Looking for something to blame for the Greek debt crisis, some observers are pointing their fingers at credit derivatives. An article in yesterday’s New York Times makes the case that credit default swaps (CDS), and specifically their sale by Goldman Sachs, are somewhat to blame in part for Greece’s problems.
As I explain in this paper, credit derivatives are merely a financial tool that can be used by those exposed to credit risk, say a default by the Greek government or General Electric, to share that risk with others. This lowers the costs of borrowing and helps spread risk. In addition, third parties with no exposure to the particular credit risk can bet on whether the Greeks will default. These secondary-market transactions are the same as an individual buying stock in General Electric betting it will rise. Importantly, these bets provide a liquid market for credit risk, which lowers the cost of hedging for those with primary exposure, and provides the market with better information about whether Greece or General Electric is a good credit risk. Those who might lend to the country or company, those conducting other business with it, and those who might face the risk of default in other ways, can use this information to better plan their activities. For instance, those disbelieving a country or company’s claim of financial soundness, say because of funny accounting (think: Enron or, dare I say, America) can use credit derivatives to short debt, something that was impossible before credit derivatives were invented. This makes debt prices more accurate and holds borrowers, be they sovereigns or corporations, better to account.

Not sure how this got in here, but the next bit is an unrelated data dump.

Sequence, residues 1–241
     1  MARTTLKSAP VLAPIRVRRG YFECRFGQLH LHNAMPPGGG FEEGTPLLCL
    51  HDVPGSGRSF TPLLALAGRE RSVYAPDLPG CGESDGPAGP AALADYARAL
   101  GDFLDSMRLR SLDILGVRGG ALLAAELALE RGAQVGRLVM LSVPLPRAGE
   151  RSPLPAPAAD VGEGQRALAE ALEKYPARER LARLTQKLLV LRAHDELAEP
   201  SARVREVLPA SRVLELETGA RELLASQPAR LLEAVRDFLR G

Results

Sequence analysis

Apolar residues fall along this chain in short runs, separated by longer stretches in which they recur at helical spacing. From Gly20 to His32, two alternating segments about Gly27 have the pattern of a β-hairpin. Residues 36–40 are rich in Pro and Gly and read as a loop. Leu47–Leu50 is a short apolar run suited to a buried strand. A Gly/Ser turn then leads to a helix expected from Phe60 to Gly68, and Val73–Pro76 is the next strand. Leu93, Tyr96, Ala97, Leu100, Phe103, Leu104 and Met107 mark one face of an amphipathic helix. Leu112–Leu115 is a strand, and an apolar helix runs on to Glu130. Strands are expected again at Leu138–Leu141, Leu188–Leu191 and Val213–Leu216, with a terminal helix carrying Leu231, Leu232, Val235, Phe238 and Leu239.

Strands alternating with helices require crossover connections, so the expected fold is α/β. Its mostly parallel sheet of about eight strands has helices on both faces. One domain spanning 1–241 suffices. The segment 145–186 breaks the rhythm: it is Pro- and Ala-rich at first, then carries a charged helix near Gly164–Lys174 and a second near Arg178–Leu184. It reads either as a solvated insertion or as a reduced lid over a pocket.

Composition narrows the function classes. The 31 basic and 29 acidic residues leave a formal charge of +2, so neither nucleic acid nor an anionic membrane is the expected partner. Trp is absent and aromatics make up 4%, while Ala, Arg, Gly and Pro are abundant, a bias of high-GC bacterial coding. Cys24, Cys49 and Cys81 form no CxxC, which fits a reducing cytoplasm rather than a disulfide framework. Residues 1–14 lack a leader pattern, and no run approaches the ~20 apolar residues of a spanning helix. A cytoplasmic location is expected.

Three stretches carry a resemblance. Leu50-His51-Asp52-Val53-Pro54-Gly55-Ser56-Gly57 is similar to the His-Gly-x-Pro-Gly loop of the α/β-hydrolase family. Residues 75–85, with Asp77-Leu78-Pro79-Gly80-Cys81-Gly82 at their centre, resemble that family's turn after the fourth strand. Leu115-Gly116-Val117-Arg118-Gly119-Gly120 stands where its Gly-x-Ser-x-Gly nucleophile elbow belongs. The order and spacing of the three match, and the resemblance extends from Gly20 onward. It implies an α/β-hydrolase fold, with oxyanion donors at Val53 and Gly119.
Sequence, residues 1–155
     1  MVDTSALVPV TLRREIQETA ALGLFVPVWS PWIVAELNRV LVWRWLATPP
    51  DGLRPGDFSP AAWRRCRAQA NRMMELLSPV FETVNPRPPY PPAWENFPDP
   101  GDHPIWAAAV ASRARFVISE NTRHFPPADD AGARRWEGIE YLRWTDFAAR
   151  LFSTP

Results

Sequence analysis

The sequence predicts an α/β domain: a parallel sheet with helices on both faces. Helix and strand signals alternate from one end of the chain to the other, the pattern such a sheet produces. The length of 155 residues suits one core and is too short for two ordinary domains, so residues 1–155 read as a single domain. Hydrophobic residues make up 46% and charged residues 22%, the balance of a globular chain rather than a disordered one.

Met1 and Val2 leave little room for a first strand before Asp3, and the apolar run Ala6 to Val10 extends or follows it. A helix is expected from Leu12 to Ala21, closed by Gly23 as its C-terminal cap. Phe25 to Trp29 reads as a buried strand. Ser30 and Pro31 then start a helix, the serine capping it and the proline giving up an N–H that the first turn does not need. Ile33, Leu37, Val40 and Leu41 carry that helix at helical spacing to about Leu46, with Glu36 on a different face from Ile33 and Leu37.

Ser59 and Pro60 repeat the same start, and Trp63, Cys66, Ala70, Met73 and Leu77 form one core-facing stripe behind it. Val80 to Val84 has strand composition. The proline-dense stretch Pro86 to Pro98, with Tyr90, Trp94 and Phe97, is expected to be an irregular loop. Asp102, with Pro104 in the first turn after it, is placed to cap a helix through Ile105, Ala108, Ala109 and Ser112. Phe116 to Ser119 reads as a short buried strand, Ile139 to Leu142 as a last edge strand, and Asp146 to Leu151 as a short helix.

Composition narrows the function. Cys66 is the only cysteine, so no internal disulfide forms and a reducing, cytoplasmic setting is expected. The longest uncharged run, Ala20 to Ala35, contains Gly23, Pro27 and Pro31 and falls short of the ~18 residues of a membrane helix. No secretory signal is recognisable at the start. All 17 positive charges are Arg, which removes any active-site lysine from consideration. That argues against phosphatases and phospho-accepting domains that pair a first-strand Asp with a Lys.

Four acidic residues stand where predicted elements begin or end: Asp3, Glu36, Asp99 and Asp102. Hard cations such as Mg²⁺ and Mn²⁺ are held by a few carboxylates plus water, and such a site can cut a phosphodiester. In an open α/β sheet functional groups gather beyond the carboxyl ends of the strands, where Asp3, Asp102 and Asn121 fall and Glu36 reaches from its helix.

Of course, there is the possibility for abuse. Another New York Times article from a few weeks ago highlights the possibility for abuse in this market. (Note the parallel between the conflict of interest across departments at Goldman Sachs and those in the investment analyst scandals from a few years ago.) But abuse is possible in all markets, and everyone should be in favor of vigorous enforcement against those who try to manipulate markets or trade on undisclosed conflicts of interest. The existence of the potential for abuse, however, is no more an indictment of credit derivatives generally than it is of the stock market or any other useful tool of society than can sometimes be abused.
It is the ultimate irony that politicians are blaming their problems on a tool that helps reveal their tricks and mistakes. This is akin to a burglar blaming an alarm system for being caught. Sure, the burglar might have been better off without it, but the homeowner and everyone else is glad it was installed.